The speciality of Rajavallabha is that in the chapter of housings all types of housings like Ek-salã, Dwi-sãia, Tri-sala, Catu-salã etc. are described in details with figures and each type of house with various permutations and combinations are described with specific names in Sanskrit. The chapter on Astronomy, fixing auspicious time for various ceremonies, Astrology describing horoscopes for buildings and a full chapter on Omens makes very interesting and educative reading of this beautiful scripture.
Dr. Kanaiyalal M. Munshi, the founder of Bharatiya Vidya Bhavan had made it a mission of his life for studies and development of Bharat’s heritage and cultural values. I am extremely happy that Bharatiya Vidya Bhavan has come forward to print and publish this great work of learned author Dr. N. R. Dave. Through research and case studies let Dr. N.R.Dave, the social worker help people to live trouble free, tension free and prosperous lives.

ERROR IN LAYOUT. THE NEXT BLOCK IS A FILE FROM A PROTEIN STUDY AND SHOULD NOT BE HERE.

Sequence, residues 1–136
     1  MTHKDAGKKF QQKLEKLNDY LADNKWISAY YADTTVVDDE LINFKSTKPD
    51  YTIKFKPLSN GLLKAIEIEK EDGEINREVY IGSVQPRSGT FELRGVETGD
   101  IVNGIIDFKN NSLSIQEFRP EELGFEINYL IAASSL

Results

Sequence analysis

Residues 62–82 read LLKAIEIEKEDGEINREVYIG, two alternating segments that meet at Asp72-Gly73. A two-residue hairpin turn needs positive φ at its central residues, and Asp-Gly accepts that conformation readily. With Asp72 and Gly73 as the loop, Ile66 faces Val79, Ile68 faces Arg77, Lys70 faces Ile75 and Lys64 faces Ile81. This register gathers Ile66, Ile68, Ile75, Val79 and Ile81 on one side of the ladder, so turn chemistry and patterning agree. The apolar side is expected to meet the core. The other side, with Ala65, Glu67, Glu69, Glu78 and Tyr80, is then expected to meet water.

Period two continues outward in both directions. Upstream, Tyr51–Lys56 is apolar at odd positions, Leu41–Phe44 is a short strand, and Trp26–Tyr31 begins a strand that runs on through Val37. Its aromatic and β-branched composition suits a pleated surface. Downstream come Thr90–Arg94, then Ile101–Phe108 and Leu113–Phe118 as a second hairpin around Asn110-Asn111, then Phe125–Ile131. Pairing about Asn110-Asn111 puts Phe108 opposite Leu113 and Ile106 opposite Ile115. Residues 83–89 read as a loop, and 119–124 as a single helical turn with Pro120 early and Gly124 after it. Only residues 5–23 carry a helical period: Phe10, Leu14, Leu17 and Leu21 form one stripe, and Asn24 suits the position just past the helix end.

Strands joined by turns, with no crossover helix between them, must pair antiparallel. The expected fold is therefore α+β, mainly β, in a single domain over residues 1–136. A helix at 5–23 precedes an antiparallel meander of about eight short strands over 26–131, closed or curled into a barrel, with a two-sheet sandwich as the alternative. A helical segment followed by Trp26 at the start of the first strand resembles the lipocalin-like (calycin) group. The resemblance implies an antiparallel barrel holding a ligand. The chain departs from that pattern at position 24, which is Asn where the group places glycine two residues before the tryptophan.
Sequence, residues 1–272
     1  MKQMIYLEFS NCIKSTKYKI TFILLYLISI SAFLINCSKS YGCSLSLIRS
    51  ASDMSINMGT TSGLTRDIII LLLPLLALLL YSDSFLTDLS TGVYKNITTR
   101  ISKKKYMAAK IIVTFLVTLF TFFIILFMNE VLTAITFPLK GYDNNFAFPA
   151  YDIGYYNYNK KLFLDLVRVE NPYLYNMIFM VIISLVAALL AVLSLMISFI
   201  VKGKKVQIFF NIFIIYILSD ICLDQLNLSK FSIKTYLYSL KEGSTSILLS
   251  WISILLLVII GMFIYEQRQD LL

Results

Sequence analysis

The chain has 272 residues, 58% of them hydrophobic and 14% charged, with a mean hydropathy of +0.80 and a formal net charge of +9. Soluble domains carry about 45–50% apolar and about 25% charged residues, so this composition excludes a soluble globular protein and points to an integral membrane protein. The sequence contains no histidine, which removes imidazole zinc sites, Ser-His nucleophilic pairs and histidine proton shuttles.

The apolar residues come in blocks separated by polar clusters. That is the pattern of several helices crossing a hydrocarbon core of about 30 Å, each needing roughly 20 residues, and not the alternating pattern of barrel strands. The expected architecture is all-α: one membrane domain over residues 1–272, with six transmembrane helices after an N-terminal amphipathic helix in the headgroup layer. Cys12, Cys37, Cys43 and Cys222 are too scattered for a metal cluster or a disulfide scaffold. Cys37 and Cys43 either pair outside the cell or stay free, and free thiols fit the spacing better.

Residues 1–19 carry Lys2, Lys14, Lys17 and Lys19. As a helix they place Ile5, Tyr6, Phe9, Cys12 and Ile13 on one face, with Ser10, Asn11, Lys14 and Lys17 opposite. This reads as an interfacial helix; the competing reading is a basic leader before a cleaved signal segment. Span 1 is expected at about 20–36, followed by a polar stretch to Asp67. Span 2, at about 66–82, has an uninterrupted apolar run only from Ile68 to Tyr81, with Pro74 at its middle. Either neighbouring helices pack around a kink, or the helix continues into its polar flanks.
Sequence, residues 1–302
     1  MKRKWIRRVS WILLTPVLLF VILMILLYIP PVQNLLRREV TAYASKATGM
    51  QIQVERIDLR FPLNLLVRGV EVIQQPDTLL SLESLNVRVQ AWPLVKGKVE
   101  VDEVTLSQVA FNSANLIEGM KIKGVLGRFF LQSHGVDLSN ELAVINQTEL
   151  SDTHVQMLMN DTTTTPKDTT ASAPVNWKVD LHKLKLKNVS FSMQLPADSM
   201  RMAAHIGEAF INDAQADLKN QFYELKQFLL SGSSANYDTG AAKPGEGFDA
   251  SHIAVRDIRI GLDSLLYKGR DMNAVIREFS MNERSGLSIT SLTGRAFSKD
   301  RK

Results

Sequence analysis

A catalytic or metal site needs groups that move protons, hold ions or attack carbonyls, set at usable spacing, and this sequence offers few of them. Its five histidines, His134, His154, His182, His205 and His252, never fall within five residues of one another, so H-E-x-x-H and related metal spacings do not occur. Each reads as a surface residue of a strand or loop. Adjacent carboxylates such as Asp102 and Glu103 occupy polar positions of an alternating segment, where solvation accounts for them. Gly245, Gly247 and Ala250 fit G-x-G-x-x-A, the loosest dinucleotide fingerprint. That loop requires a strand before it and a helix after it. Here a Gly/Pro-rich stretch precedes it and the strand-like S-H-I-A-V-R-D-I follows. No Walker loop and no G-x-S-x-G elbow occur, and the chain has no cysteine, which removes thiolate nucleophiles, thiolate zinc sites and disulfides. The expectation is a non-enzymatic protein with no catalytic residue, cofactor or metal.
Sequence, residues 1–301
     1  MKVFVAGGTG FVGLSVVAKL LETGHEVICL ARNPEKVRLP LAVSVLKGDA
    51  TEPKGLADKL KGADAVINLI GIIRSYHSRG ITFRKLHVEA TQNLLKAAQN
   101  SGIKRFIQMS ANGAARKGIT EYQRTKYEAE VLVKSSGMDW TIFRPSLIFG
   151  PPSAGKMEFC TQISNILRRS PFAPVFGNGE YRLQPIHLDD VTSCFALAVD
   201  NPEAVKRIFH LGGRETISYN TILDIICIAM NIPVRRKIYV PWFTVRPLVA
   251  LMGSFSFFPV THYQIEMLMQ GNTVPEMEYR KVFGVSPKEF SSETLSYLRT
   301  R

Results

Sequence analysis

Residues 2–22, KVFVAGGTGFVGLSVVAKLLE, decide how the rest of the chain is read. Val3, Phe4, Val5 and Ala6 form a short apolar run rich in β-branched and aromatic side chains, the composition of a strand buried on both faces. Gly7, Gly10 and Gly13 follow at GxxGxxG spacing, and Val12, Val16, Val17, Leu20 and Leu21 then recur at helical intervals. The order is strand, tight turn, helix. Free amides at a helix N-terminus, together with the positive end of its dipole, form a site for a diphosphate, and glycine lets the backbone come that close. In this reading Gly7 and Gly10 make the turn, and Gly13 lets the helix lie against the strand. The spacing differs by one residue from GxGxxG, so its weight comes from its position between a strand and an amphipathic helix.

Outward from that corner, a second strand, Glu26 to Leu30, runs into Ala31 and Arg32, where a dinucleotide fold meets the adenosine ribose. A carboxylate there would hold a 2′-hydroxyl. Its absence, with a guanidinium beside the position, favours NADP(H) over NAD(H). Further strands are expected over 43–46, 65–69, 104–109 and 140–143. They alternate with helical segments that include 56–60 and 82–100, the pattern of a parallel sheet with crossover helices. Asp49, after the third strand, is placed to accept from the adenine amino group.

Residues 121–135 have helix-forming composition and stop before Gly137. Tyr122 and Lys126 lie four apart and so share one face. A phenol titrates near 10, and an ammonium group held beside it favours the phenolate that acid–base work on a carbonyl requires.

“A Study of Hindu Science of Architecture and its practice with special reference to Rãjavallabha” is an attempt to share with non Sanskrit knowing readers the contents of the text. As a practising Civil Engineer for more than forty years, I have designed, constructed and repaired many residential, commercial and industrial buildings, using reinforced concrete and modern building technology. In repairing many old buildings, I came across ‘Madras Terrace’ roofing wherein the wooden rafters and wooden beams were used. Wooden Pillars were also used for supporting the beams. In many places brick masonary was used in mud and lime mortars. Plastering was done with lime mortar. In the design of old residential buildings, the central raised ceilings called Kalyana-kudams were provided to keep Ventilation. A big residential building consisted of multiple Kalyana-kudam-s. The buildings were constructed on square or rectangular plots and faced the cardinel directions. Each living portion was built to face a particular direction. I was given to understand that building structure was planned as per Vãstu in olden times. In early professional career, my goal was to be a successful Planner, Engineer and Builder and hence I did not have much time to learn about Vãstu principles. But, of late, since the beginning of the twenty-first century, a new interest has been kindled among owners andbuilders to construct buildings as per Vãstu and correct Vastu-dosa in existing buildings. With more time for learning, I decided to start study on Ancient Hindu Architecture. But I found that the ancient Vãstu literatures were in Sanskrit and though English commentaries were available on some of these books a working knowledge of Sanskrit language was a must. With basic knowledge of Sanskrit, I decided to appear for M.A. (Sanskrit) examination and passed the same in 2002 from KSOU. After a couple of years, in one of the meetings in the University of Madras, Marina Campus, I met the Head of the Department of Sanskrit Dr. Siniruddha Dash and showed my interest to study Västu. He invited me to the Department and encouraged me to join the University for Ph.D. course under the guidance of Prof. Dr. S. Padmanabhan. I enrolled myself for Ph.D and as per the guidance of Prof. Dr. S. Padmanabhan, made preliminary studies of - Samaranganasutradhara (S.S.) by Dr. Shukla, Aparajitaprccha (A.P.) by Prof. Mankad and Rajavallabha (R.V.) by Sri Manclana which was published by M/s.Uday Jagushte with Gujarati translation by Sri Narayana Bharati Yashwantabhãrati. The first two books gave me a lot of insight in the principles of Ancient Indian Architecture. I found Rajavallabha as a complete book on Vãstu and i1pa-astra, with detailed study of Astronomy, Astrology and Omens. I found details of varieties of residential houses with various permutations and combinations and each with specific name for type of house. As a Civil Engineer, I found this book very interesting. And as a Gujarãti born and brought up in Chennai, I thought it would be easy for me to translate Rãjavallabha into English so that all sections of people will have access to this comprehensive and educative book on .i1pa-ãstra. Care is taken to illustrate with charts, figures and drawings wherever necessary. I dedicate this thesis to my parents who trained me from childhood in Hindu culture and to the people of Tamil Nadu and Gujarat who have spread this ancient science in their own states and other parts of the country.